MedicalResearch.com Interview with:
Gary A. Smith, MD, DrPH
Director, Center for Injury Research and Policy
Nationwide Children’s Hospital
MedicalResearch.com: What is the background for this study?
Response: When residential fires happen at night while people are sleeping, deaths are more likely to occur. Smoke alarms are important for preventing these deaths, yet many young children don’t wake up to traditional high-pitch tone alarms. Children sleep longer and deeper than adults and require louder sounds to awaken than adults. For these reasons, children are less likely to awaken and escape a nighttime home fire.
MedicalResearch.com: What are the main findings?
Response: Our research found that children were more likely to be awakened by one of the three voice alarms than by the high-pitch tone alarm, which is the type of alarm used in most homes today. The fact that we were able to find a smoke alarm sound that reduces the amount of time it takes for many children 5 to 12 years of age to wake up and leave the bedroom could save lives. This is why some smart homes have a home security camera alarm system linked to the homeowner’s phone as this allows them to be alerted quicker, therefore alerting the rest of the family!
These new findings put us one step closer to finding a smoke alarm that will be effective for children and practical for parents.
This study confirmed that a maternal voice alarm is better than a traditional high-pitch tone alarm for waking children and prompting their escape under conditions typical of homes. It also showed that the mother’s voice was enough to be effective without using the child’s first name.
Because the human brain responds differently to the sound of our own name, even during sleep, we tested whether including the child’s first name in the alarm message made a difference in alarm effectiveness. We found no significant differences between each pair of the voice alarms, regardless of whether the child’s name was included in the message. This means one alarm could work for multiple children sleeping near each other in a home.
The median time to escape for the high-pitch tone (the type of alarm that is being used in most homes today) was 282 seconds – that’s nearly five minutes – while the median times to escape for the voice alarms ranged from 18 to 28 seconds. In a real fire, seconds can make a difference. If a child wakes up but takes too long to leave a burning building, they could be seriously – even fatally – injured.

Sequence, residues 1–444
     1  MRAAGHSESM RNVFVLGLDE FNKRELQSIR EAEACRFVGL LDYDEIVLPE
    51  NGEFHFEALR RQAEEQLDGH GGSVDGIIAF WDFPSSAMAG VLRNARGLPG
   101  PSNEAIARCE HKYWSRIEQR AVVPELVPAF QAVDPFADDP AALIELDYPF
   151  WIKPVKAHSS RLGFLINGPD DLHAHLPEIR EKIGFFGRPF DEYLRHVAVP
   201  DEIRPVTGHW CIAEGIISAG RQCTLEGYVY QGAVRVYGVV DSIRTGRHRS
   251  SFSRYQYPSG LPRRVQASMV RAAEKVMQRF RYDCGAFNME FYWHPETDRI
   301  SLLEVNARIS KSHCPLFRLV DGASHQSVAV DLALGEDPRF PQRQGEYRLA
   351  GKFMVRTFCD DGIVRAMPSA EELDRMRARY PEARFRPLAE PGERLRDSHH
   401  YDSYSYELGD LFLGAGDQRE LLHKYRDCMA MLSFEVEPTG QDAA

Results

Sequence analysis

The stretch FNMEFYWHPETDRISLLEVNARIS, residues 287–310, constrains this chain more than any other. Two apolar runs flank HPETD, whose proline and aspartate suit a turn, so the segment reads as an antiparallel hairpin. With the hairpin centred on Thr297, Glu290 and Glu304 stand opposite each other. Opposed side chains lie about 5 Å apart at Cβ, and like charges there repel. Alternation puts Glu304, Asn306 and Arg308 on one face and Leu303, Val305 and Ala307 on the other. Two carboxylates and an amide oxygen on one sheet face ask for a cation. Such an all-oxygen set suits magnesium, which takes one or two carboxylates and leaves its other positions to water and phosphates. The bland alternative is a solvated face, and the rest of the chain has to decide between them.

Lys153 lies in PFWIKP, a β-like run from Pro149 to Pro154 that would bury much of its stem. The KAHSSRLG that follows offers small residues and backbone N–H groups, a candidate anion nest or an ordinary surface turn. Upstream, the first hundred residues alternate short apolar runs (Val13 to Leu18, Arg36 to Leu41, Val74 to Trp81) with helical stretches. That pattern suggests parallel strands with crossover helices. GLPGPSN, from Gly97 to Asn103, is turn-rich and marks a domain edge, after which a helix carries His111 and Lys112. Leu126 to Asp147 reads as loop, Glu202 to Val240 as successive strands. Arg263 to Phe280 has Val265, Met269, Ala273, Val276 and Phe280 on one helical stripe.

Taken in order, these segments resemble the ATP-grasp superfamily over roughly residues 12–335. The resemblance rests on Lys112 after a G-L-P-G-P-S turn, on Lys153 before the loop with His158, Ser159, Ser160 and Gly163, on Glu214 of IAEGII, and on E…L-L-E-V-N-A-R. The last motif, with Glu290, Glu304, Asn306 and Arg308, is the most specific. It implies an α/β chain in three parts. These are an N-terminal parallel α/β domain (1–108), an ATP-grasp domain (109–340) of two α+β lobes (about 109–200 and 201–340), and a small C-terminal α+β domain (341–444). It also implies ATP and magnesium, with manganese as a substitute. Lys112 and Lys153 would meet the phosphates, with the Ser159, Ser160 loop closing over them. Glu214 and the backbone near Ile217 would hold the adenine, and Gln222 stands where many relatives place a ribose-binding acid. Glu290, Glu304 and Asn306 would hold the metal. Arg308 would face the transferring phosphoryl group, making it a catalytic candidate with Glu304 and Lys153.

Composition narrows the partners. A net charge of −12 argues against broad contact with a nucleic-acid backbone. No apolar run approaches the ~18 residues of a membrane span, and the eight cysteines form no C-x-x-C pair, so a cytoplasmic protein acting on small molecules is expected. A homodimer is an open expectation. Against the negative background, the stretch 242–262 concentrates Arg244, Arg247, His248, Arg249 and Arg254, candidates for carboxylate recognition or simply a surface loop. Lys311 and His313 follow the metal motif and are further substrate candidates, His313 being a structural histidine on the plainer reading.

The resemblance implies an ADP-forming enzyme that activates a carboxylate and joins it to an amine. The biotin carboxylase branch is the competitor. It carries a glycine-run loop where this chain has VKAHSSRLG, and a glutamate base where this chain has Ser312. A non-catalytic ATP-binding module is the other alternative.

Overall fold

MedicalResearch.com: What should readers take away from your report?
Response: It is important to emphasize that we want all families to continue to use traditional smoke alarms as recommended while research continues. We know that smoke alarms currently available save lives.
Smoke alarms are available for purchase at most mass retailers, such as Target or Costco, as well as local hardware stores and home improvement stores, like Lowe’s and Home Depot. You can also purchase smoke alarms from online retailers, such as Amazon, and some drug stores, like Walgreens or CVS.
How to Install a Smoke Alarm
* Install a smoke alarm on every level of your home, even in the basement.
* Install a smoke alarm outside every sleeping area. For the best protection, install a smoke alarm inside each bedroom as well.
* Smoke rises, so mount your smoke alarms high on walls or ceilings. Ceiling-mounted alarms should be installed at least 4 inches away from the nearest wall; wall-mounted alarms should be installed 4 to 12 inches away from the ceiling.
How to Keep Your Smoke Alarms Working Properly
* Test your smoke alarms at least one time every month. This will help you check that the alarms are working, and it will help your family become familiar with the sound of the alarms.
* Change the battery in each smoke alarm once a year and any time the smoke alarm “chirps” to warn that the battery is low.
* Some newer smoke alarms come with batteries that last for 10 years. If you have a smoke alarm with a 10-year battery, you do not need to change the batteries each year, but you should still test the device monthly.
* Never leave your smoke alarms unplugged and never remove the batteries.
* Keep your smoke alarms clean by vacuuming them as needed.
* Replace your smoke alarms every 10 years.
MedicalResearch.com: What recommendations do you have for future research as a result of this work?
Response: Future research will include assessing the role of mother’s voice versus a generic female or male voice and also comparing the voice alarm with a low-pitch tone alarm. An alarm that is optimized for waking children will also be tested among adults. If the alarm is effective among all age groups, this would increase its practicality and use.
The authors have no financial disclosures or conflicts of interest relevant to this study
Smith, Gary A. et al.
The Journal of Pediatrics , Volume 0 , Issue 0 , October 25 2018
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